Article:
Wednesday, April 10, 2013

Lessons Learned in Life - Part 1

One of the things that has been on my mind recently is the need to share with my children and grandchildren some of the most important things I have learned in life. I don't know if you've experienced this, but there are things in many different areas of life that stand out as important lessons that have a profound affect on how we live our lives. Usually if we learn such lessons, life is better and more rewarding in many ways.

Another thing that I think is important is for the older generation to share those lessons with younger people so that perhaps they can learn from them and avoid some of the pitfalls that occur in life. So little by little as I think through these learning experiences and as I prepare them in written form to share with my family, I thought it might be helpful to share them with a wider audience as well so that whatever is beneficial in my experience may help others.

So, we'll get started today with something I learned about budgeting. What I'll try to do is if the topic is too long for one post, which it is today, I'll continue in succeeding days. New topics will appear sporadically as I finish them. They'll all be tagged under Life Lessons so that you can find them easily.

I was blessed to have a dad who taught me budgeting and a wife who understands thrift and careful shopping. Because of what I learned from them, God helped me to know what works best when it comes to using money wisely and saving for the future. I spent my career working as a teacher and administrator in a rural public school district. We decided early in our marriage that my wife would stay home and focus on our children as they came along. Through the years we were able to pay off our mortgage, pay cash for our cars, and send our kids to a Christian college debt-free. The principles that I'm sharing with you are based on biblical principles and actually work. We are a testimony to God's faithfulness in keeping His Word.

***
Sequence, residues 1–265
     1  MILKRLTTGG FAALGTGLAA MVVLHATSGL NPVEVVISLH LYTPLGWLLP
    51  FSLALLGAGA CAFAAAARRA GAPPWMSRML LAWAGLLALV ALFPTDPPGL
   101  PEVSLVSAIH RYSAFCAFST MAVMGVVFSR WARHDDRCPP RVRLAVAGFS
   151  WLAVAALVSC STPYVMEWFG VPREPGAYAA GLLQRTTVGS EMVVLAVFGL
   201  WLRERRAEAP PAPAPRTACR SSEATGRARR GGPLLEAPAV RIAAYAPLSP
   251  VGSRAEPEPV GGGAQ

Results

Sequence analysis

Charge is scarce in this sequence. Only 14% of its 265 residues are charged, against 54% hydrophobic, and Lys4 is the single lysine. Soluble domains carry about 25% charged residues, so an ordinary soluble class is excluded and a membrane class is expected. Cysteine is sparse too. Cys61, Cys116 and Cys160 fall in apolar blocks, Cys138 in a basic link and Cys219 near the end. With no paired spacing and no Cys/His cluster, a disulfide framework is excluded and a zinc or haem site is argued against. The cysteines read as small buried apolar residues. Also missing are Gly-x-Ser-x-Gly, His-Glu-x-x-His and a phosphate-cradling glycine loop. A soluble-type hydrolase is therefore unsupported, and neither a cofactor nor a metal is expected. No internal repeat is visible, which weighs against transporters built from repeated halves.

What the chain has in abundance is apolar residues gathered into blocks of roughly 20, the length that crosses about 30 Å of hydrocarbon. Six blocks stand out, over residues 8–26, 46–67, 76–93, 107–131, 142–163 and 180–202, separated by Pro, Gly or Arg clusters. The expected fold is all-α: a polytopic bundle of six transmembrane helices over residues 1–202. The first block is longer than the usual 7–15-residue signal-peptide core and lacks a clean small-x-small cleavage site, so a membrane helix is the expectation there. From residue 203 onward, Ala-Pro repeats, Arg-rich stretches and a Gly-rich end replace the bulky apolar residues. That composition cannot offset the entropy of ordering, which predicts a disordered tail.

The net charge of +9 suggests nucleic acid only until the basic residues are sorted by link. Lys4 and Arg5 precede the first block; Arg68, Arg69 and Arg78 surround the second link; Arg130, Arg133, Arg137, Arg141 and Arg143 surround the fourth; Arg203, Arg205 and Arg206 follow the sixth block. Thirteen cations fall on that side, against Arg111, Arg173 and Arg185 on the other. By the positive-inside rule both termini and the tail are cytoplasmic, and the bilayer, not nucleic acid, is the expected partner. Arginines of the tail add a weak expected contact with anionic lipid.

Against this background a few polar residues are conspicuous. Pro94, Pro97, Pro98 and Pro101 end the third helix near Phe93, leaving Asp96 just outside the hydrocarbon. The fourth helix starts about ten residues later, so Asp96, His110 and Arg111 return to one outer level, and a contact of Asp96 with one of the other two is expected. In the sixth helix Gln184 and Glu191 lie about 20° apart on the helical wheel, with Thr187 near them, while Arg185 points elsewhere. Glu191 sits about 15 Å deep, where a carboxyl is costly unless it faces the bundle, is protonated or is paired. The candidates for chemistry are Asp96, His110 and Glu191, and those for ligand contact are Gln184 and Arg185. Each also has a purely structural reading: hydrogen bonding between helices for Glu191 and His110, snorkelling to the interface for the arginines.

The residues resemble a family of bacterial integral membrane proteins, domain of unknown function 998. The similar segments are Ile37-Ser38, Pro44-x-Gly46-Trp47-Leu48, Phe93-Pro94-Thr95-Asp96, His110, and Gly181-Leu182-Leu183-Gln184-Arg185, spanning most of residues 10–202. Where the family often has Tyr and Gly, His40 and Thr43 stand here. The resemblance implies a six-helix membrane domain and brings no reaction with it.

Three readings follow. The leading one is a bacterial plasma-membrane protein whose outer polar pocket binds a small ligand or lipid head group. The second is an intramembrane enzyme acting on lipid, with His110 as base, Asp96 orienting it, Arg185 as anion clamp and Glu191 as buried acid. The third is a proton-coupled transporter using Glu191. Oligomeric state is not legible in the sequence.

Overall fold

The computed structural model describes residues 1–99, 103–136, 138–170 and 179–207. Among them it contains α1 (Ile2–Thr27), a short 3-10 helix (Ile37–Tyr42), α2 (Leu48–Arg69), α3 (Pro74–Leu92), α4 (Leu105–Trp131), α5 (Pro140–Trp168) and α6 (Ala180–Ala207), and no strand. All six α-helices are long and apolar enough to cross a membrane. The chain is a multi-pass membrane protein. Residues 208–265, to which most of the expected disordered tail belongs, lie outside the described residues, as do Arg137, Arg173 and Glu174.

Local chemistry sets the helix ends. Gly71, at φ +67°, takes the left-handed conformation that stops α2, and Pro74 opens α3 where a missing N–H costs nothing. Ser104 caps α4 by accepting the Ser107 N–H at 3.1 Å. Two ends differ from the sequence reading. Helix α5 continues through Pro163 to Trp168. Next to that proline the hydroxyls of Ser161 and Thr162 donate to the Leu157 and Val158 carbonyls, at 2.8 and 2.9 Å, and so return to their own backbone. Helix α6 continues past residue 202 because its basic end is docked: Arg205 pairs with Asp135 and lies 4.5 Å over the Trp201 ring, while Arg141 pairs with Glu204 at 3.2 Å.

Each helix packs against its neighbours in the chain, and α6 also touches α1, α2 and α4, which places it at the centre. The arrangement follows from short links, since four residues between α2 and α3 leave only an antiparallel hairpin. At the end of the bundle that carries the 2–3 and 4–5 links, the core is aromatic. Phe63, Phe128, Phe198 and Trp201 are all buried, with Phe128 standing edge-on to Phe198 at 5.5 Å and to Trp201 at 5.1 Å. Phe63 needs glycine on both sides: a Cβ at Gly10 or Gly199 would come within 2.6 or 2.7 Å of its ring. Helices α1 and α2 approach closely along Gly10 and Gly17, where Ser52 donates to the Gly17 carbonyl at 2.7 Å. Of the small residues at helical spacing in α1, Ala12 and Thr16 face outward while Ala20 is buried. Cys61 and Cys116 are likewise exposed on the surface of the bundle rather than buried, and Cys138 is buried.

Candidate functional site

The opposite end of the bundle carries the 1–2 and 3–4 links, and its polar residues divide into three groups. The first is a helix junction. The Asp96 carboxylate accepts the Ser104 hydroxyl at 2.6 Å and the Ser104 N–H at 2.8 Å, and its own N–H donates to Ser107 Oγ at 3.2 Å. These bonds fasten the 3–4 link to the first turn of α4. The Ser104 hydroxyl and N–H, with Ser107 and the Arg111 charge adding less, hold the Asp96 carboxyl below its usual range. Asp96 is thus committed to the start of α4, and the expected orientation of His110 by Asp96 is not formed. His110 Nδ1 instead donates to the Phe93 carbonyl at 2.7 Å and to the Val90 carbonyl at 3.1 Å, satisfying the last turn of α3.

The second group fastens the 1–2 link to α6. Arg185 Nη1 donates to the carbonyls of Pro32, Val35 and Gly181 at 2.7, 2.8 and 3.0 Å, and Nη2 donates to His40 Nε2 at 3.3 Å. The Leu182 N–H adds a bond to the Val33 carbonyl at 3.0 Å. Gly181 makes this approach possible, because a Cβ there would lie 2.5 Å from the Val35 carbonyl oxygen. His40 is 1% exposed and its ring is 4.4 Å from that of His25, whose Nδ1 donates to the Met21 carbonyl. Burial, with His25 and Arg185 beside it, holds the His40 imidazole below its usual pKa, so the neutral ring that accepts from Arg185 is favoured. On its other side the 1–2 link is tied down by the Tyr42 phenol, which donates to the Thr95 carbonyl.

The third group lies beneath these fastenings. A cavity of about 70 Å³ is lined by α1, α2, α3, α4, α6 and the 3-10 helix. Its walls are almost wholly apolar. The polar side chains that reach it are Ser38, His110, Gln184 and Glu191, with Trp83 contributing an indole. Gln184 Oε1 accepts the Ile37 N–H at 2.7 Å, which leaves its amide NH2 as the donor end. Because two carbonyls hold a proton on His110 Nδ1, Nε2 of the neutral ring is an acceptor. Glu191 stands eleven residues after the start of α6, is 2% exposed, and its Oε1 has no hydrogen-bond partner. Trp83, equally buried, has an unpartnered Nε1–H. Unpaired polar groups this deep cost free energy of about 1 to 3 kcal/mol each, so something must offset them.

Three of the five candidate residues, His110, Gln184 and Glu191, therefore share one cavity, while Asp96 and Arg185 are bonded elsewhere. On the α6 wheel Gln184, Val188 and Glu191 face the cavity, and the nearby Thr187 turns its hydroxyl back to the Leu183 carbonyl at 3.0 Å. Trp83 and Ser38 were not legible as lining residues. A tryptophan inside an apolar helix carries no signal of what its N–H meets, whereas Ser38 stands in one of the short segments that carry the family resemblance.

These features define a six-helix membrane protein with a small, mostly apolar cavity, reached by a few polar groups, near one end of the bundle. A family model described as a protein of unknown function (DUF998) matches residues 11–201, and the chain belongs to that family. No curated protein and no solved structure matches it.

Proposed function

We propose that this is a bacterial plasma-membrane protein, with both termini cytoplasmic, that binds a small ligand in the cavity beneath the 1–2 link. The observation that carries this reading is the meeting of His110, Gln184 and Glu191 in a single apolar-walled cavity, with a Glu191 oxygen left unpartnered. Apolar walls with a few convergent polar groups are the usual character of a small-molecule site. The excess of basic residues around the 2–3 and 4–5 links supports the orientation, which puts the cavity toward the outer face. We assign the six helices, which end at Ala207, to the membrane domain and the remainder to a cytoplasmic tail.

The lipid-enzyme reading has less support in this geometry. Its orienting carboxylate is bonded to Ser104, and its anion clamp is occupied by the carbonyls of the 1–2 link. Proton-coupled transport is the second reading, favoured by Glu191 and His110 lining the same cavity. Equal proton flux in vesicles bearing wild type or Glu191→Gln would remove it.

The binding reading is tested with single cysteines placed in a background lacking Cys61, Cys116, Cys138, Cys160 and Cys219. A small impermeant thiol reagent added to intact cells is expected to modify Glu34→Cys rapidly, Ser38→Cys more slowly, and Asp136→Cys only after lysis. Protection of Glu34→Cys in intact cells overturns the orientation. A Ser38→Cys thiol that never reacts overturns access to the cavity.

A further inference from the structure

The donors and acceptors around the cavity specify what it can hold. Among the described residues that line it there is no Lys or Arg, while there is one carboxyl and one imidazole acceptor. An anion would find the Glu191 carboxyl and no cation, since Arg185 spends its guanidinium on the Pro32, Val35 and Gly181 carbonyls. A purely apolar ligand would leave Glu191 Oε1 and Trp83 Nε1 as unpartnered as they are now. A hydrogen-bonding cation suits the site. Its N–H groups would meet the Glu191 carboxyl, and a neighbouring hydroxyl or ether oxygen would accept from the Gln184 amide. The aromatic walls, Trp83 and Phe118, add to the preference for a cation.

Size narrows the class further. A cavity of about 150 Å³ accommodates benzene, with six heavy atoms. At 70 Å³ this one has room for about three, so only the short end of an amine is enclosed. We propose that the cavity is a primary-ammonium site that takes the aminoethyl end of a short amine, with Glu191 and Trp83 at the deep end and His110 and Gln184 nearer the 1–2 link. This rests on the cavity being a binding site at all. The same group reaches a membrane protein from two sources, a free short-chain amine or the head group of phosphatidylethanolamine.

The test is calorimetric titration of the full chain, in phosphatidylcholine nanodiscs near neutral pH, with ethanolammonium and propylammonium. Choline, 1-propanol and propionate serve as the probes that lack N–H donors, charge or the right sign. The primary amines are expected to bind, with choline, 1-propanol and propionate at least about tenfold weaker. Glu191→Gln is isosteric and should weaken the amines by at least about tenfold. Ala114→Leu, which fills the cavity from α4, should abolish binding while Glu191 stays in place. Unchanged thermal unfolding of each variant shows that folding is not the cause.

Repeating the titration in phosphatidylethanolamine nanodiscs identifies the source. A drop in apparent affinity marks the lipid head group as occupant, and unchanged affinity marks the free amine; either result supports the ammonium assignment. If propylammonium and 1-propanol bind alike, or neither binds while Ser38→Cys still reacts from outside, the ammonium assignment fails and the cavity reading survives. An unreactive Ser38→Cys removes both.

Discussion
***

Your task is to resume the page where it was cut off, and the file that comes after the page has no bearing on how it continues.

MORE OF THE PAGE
Whole books have been written on budgeting, but what I would like to do today is lay down a few principles that you may find helpful in making ends meet and the dollar stretch. What most people don't realize is that even if they don't budget, every dollar is spoken for and by not having a budget, you don't know who or what has claims on the money in your pocket.

Consider this scenario. You're out with the family and decide everyone might enjoy stopping at McDonalds for a frappe. For a family of five, that will cost you over $15. You know that you have a twenty dollar bill and a five in your wallet and so that's enough to cover it. You want to be a nice dad and you want your kids to be happy and so you stop for the treat. The problem is that there are bills and expenses coming down the road. Some you know about and some you don't. Most people I know don't have a lot of extra income compared to their expenses and so most dollars are spoken for. The fact is that even though the money is loose in your wallet, it is probably spoken for. There's a car insurance payment of $400 due next month. Maybe the $15 is part of that. Has your wife told you yet that Johnny needs new shoes? That's coming tomorrow. Maybe the $15 is part of that.

Before the days of computers, my dad had an envelope budget system. I'm going to describe it to you so that you will understand the gist of how good budgeting works. Each person can adapt the illustration to his own situation. 

 Read the rest tomorrow.

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